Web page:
Presenter: Murali Chintagumpala, Anita Mahajan Presenter's Institution: Baylor Pediatric Oncology, University of Texas M.D. Anderson Cancer Center
Astrocytomas are the most common primary brain tumor in children. Low grade gliomas are a class of astrocytomas that tend to be very curable, with 95% survival at 5 years after complete resection of low-grade tumors.
Generally, radiation is reserved for tumor progression or symptomatic disease in the setting of low grade glioma in pediatric patients.
Because long-term side effects of radiation can be significant in pediatric patients, proton therapy has been utilized to limit the amount of normal brain that receives radiation. Proton therapy can potentially limit long-term side effects seen with photon-based radiation. This is related to improved dose conformality and dose distribution because of steep dose fall-off beyond the Bragg peak.
Pseudoprogression is a known development following radiation therapy for high grade gliomas and has been documented to occur in 30-40% of patients after chemoradiation. Pseudoprogression is classically associated with an increase in contrast enhancement seen following completion of chemoradiation in Glioblastoma multiforme. This phenomenon may mislead the clinician as the tumor appears to expand on follow up imaging; however, given time, pseudoprogression will demonstrate improvement in contrast enhancement.
The authors from the M.D.Anderson Cancer Center noted several patients with pseudoprogression in low grade gliomas following proton therapy.
In order to further evaluate this phenomenon in pediatric low grade glioma, the current study was undertaken to evaluate MRI changes that were noted in a group of pediatric patients with low grade glioma treated with either proton therapy or photon-based radiation.
All patients treated with radiation for low grade glioma from 2001 to 2011 at 2 institutions were identified.
Patients were required to have pre-and post-radiation MRI imaging.
Two neuroradiologists were blinded to the radiation modality given and evaluated the MRI scans for changes in bi-dimensional measurements relative to pre-radiation measurements.
66 patients (27 females and 39 males) were treated during the period of interest.
31 patients received photon-based radiation, and 35 patients received proton therapy.
There were no significant differences in demographic data between patients that received photon-based vs. proton therapy.
The median age was 8.7 years (Range, 3-17 yrs). Median follow up was 6 years in patients receiving photon-based radiation, and 3.9 years in proton therapy patients.
44 patients had pilocystic astrocytoma or optic glioma, 15 patients had grade II astrocytoma, and 6 patients had other low grade glioma.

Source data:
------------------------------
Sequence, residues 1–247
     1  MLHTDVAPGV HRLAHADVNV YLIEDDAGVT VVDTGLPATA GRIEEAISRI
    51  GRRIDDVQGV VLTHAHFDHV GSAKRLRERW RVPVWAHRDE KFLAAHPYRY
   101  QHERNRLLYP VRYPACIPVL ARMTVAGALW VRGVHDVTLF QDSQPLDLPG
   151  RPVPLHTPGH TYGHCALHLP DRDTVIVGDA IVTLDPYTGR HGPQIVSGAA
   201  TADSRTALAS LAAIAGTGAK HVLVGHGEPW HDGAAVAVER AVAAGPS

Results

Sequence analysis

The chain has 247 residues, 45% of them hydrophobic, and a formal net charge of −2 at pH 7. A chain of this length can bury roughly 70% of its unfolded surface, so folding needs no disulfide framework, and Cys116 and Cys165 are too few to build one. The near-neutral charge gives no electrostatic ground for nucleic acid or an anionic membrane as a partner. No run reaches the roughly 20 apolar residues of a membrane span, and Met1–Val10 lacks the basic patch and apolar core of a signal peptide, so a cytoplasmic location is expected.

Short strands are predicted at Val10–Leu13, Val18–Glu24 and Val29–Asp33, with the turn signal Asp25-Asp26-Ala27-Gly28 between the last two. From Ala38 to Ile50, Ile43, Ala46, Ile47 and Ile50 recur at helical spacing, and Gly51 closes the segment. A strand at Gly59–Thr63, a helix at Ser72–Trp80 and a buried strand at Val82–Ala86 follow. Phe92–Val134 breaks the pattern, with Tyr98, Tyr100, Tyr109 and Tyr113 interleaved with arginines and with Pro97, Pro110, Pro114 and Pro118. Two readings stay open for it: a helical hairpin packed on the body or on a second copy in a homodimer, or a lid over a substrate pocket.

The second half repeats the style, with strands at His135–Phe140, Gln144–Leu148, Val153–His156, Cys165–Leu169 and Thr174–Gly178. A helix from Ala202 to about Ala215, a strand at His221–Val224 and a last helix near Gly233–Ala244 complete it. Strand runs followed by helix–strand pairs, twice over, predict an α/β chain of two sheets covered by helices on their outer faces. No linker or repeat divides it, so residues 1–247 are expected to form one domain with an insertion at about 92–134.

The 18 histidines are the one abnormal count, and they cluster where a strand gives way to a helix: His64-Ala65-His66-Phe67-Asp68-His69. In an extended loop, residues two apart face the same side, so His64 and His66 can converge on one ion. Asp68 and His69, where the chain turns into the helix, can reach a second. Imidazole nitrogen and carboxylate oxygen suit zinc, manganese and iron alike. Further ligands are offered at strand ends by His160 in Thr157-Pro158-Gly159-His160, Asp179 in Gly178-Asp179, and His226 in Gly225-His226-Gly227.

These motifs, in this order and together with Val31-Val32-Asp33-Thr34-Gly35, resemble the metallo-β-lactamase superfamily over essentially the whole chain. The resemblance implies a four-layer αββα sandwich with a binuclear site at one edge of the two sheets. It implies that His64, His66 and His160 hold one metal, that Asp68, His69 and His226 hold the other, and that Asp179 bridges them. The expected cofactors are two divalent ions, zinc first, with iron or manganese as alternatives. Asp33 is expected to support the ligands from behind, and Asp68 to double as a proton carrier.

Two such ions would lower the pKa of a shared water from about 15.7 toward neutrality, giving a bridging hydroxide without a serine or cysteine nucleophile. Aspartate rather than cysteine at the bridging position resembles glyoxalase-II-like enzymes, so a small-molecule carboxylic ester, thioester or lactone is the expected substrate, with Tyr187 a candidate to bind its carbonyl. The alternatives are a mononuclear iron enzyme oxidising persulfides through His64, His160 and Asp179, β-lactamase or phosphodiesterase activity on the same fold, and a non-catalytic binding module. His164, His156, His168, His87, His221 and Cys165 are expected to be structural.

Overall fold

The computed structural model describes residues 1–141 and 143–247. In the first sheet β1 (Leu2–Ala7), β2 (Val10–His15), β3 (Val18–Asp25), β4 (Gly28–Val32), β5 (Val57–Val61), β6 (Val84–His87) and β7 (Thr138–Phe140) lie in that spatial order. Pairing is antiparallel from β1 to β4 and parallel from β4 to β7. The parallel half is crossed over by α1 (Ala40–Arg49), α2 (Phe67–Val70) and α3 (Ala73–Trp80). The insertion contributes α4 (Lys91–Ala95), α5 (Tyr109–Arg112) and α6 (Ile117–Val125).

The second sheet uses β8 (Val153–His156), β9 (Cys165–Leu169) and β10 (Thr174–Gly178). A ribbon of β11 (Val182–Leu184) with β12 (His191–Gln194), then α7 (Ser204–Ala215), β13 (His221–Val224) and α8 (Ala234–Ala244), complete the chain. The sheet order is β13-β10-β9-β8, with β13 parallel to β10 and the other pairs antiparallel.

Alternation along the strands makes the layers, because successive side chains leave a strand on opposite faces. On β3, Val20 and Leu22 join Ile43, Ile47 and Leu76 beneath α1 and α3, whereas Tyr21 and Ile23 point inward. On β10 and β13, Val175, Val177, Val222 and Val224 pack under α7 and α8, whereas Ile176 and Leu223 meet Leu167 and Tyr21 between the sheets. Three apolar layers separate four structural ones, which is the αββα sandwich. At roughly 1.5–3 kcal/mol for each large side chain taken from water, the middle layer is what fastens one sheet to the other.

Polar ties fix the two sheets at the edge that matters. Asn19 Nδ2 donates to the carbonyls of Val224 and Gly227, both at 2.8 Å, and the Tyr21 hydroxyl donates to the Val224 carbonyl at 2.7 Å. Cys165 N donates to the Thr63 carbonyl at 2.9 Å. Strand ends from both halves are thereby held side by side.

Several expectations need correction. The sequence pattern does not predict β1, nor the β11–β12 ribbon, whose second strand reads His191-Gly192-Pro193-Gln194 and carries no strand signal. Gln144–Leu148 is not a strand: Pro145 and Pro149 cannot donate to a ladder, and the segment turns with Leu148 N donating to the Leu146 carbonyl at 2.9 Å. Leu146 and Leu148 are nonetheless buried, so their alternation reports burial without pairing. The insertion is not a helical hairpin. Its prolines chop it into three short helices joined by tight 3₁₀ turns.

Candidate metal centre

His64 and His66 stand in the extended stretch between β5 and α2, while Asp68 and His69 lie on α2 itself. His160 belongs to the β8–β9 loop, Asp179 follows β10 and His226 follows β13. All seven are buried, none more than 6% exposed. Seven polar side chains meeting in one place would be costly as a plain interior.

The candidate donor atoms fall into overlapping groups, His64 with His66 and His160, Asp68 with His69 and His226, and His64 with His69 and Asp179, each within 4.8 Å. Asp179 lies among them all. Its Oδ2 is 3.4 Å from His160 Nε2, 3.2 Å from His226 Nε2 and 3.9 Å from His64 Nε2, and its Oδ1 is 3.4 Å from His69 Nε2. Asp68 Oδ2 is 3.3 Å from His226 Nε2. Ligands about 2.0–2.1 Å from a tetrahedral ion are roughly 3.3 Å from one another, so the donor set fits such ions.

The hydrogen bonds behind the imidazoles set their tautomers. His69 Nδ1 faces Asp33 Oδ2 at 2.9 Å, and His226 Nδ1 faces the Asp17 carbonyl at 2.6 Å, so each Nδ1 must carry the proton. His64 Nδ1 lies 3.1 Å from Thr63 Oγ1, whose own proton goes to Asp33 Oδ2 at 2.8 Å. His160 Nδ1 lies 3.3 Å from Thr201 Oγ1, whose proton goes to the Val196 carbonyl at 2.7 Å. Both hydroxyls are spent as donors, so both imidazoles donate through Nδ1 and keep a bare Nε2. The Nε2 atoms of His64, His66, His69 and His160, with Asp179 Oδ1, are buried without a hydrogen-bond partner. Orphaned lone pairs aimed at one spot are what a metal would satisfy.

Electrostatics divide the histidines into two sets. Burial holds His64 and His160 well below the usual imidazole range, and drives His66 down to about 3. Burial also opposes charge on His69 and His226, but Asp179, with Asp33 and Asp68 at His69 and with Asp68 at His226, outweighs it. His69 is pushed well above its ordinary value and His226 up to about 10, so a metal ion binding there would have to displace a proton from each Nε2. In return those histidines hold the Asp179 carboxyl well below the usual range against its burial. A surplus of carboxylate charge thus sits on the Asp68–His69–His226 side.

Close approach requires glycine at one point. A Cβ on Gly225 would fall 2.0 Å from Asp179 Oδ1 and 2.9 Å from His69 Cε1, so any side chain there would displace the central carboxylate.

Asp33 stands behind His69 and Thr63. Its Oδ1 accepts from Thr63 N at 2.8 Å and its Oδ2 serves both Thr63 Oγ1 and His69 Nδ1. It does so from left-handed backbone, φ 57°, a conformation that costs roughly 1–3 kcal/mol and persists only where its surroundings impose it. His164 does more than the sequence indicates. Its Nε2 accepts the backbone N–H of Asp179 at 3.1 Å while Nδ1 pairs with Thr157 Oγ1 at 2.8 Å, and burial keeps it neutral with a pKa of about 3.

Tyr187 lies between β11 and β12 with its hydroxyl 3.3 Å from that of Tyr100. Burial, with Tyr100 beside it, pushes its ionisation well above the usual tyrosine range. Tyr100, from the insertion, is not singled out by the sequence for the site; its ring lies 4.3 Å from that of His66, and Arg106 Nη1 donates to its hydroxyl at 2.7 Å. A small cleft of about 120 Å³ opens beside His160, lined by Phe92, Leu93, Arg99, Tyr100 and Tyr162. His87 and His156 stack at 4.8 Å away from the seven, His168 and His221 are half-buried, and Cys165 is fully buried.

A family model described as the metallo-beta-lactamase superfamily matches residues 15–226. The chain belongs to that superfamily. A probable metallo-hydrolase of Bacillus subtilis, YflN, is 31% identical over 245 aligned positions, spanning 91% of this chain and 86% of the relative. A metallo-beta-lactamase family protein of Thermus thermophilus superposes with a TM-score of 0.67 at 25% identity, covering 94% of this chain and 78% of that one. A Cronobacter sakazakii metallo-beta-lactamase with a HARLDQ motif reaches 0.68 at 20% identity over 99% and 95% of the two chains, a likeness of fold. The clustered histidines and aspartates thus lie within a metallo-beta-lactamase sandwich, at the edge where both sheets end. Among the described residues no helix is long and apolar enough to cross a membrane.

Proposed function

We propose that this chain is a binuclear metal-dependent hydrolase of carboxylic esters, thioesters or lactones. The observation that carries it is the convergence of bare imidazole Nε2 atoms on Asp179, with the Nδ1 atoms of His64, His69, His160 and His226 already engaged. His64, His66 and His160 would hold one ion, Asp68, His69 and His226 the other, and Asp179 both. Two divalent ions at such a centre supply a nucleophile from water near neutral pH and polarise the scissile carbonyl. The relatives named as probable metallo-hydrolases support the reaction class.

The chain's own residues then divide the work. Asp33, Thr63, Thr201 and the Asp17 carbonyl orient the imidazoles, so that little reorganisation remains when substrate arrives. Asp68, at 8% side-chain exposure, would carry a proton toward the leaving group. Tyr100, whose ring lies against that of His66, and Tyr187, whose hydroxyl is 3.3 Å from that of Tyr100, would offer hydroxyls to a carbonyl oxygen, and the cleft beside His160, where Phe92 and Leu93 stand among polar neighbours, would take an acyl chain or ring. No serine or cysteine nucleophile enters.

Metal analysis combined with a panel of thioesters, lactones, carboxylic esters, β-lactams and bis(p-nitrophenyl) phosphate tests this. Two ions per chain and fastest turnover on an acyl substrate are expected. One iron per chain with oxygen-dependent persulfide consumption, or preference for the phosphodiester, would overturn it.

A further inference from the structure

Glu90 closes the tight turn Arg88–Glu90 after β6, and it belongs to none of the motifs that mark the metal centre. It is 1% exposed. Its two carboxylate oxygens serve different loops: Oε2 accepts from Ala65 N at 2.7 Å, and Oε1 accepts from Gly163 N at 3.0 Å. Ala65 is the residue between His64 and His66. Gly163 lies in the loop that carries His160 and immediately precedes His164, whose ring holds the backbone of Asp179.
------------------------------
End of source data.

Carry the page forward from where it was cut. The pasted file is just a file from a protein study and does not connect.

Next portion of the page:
55 tumors were midline.
25 patients had pre-radiation chemotherapy.
All patients underwent radiation for either progressive disease or symptomatic disease.
The median radiation dose was 50.4 Gy/ GyRBE (Range, 45-54 Gy).
Following radiation, enlargement of the tumor was noted in 33% of all patients between 1.5- 11 months.
Median peak increase in enlargement was 16% (Range, 5-259%).
Enlargement was seen in 29% and 37% of patients that received photon-based vs. proton therapy, respectively.
Patients that received photon-based treatment had an 18% median increase noted at a median of 6 months, while patients receiving proton therapy had a 16% median increase at a median of 4 months.
Median time to tumor stabilization was 15 months and 11.5 months for photon-based and proton therapy, respectively.
At the last follow up, median tumor size was 56% and 45% for photon-based vs. proton therapy. Patients receiving photon-based therapy demonstrated stable disease 87% of the time, while patients receiving proton therapy had stable disease 91% of the time.
Two patients underwent resection for possible progression. Four additional patients had confirmed progression.
Proton therapy is a good option for patients with low grade glioma that demonstrate progressive disease.
Pseudo-progression was noted in 33% of pediatric patients with low grade glioma after radiation within the first 6 months of follow up with subsequent stabilization over the following year.
There was no significant difference noted in incidence of early radiographic changes between photon-based and proton-based radiation therapy.
This phenomenon should be recognized and interventions should be delayed unless the patient becomes symptomatic.
Pseudoprogression is a common phenomenon that develops following radiation therapy for brain tumors. It is often impossible to differentiate pseudoprogression from progressive disease and requires additional follow up to distinguish from true progression.
This scenario presents a very difficult challenge for the treating physician, as well as the patient; however, when possible, interventions should be avoided as the majority of patients will improve with additional follow up.
Although anecdotal experience has suggested an increase in pseudoprogression following proton therapy, there was no such trend noted in the current study.
Additional studies should are needed to continue to investigate this challenging clinical scenario.
Sep 1, 2014 - Low-grade glioma patients who receive radiotherapy are at an increased risk of declining attentional functioning in the long term, regardless of fraction dose, according to a study in the September issue of The Lancet Neurology.